14

Trail running with dogs is such fun; our boys like it so much more than road running because of all the interesting smells. i don’t think it’s forced running if you’re watching how she’s doing and easing off if she’s tiring. 2km isn’t too long to start and it’s a good idea to increase as you would a person, with a 10% or so increase each week and an easy week every 4th week as a recovery week.

15

Hi there, apologies for the late reply. Your pup would be 8 months old now and what you’re doing with her I’d expect to be just fine. 20 minutes of slow jogging with rest breaks is ok for a sound dog of that age as long as you’re being guided by her and you ease off if she’s tiring. Have fun with your girl, would love a pic, Siberians are beautiful dogs!

16

Hi there, my pup is 16 weeks old, and I am excited about walking her (just walking for now) since she will finally be clear from her vaccinations this week. We’ve taken her for walks at the beach, and she loves it. She is a welsh springer spaniel and should grow to around 18-20kg.

I am not a vet, but I am an expert on human osteoporosis, and I really worry about the affect that NOT running at an early age will have on bone density, especially as my dog will be desexed at 6 months. I understand the risks with hip dysphasia, and welshies are prone to hip & elbow problems (though my pup’s line has scored perfectly in this regard). I have read much research on the importance of weight bearing exercise prior to puberty in relation to bone health in later life, and also research regarding the risks of poor bone health in spayed bitches, but no actual sound research in relation to either walking for 5 mins/month or running at a young age.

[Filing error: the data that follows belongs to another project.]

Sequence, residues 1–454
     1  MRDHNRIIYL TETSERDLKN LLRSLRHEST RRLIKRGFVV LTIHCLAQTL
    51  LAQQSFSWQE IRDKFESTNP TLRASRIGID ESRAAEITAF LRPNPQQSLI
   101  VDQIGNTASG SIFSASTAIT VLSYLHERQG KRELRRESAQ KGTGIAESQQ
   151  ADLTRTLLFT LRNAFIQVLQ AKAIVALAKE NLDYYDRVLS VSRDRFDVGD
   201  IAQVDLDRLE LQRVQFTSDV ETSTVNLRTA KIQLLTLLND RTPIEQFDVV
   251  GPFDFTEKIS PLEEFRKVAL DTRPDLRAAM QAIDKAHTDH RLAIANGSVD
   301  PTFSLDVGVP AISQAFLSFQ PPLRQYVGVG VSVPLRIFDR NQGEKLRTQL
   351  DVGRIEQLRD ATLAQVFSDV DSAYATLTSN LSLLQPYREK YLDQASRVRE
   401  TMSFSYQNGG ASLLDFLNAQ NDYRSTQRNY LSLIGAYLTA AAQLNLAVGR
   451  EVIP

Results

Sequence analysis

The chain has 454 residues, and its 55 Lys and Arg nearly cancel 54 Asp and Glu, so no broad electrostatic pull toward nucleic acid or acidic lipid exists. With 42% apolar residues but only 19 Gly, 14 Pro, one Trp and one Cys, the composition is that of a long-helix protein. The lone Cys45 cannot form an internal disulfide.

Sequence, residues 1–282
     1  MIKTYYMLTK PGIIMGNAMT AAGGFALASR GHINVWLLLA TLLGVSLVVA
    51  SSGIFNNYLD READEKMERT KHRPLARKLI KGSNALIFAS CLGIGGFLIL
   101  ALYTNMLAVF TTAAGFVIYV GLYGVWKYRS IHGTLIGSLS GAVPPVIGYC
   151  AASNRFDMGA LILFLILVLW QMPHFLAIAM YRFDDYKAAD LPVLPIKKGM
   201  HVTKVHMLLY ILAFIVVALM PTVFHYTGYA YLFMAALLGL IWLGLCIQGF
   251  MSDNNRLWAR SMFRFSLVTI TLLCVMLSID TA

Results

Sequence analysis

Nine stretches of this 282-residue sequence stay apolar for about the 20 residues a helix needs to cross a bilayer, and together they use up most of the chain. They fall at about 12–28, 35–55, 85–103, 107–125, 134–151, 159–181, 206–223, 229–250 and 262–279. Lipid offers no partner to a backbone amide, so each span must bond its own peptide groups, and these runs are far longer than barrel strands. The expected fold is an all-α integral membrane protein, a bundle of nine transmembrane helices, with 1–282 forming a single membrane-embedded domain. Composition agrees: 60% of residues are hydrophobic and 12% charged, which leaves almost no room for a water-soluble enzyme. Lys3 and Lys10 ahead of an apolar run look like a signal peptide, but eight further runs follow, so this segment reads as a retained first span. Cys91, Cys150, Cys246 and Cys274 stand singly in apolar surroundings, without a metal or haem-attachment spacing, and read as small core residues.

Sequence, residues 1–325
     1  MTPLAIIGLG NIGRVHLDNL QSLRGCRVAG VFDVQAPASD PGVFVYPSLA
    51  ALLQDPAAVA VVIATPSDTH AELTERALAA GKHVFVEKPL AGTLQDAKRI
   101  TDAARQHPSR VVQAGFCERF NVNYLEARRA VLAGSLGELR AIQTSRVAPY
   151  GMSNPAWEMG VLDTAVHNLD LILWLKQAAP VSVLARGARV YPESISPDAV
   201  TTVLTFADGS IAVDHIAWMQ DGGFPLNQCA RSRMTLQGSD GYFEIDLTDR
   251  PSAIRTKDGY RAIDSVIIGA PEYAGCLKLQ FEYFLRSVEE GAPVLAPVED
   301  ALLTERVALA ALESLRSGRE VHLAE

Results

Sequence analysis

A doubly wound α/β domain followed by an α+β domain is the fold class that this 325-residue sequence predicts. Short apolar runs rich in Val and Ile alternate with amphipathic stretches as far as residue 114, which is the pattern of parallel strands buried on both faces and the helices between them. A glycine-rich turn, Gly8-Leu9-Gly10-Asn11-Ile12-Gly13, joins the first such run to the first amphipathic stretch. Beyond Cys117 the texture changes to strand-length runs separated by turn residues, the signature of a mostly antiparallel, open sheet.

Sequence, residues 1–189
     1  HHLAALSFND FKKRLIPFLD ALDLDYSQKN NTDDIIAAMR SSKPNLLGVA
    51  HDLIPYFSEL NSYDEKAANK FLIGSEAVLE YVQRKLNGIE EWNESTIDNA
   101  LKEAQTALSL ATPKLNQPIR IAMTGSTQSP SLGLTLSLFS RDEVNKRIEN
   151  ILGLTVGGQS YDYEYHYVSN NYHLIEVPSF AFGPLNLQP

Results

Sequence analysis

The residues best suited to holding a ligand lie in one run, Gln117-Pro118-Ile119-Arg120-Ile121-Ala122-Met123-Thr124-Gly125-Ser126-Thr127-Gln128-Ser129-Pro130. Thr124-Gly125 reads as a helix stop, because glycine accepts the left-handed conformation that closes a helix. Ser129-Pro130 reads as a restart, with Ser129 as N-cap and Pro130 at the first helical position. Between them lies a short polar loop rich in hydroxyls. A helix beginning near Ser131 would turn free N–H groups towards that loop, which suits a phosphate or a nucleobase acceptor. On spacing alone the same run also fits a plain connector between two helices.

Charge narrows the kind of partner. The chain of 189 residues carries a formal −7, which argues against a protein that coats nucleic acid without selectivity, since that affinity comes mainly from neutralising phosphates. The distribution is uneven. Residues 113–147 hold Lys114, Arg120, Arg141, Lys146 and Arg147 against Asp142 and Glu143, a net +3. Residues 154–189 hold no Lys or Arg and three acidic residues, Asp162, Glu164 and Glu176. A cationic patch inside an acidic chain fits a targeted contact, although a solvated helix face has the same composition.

My vet has echoed the ‘best to wait until 12 months’ but was unable to find any evidence for this advice.

17

Hi Susan

It’s a tough one. I haven’t found any evidence either for the 12 months but it’s been quoted several times by a reproductive specialist who breeds canine athletes and I feel they’re more knowledgeable about it than me. Having said that, some orthopaedic surgeons don’t support it. I have found this paper that suggests that running early actually decreases bone density, but it’s quite an old one, and I guess without anything else to go on, I’d still err on the side of caution. I took it very easy with our boys when they were young and last night Cinnabar ran almost 9km with no dramas, and he turned 11 last June.

http://www.ncbi.nlm.nih.gov/pubmed/1414479

18

ok so, i have a 9 week old german shepard and i take her on walks and every once in a while we will break into a spring or jog for about a minute or two is that ok or is that hurting her, but we will only do that once a day on out 30 minute walk

19

Hi there,

I have a 5 months old miniature schnauzer puppy. I’ve recently started to jog with him. No crazy distance, just 2-2,5km twice a week in a very moderate tempo (he is running al the way on the grass) – takes us about 30 min. I’ve faced a lot of criticism from people hearing about it. Now I’m worried if they are right and I’m damaging him,
Thanks

20

Hi there,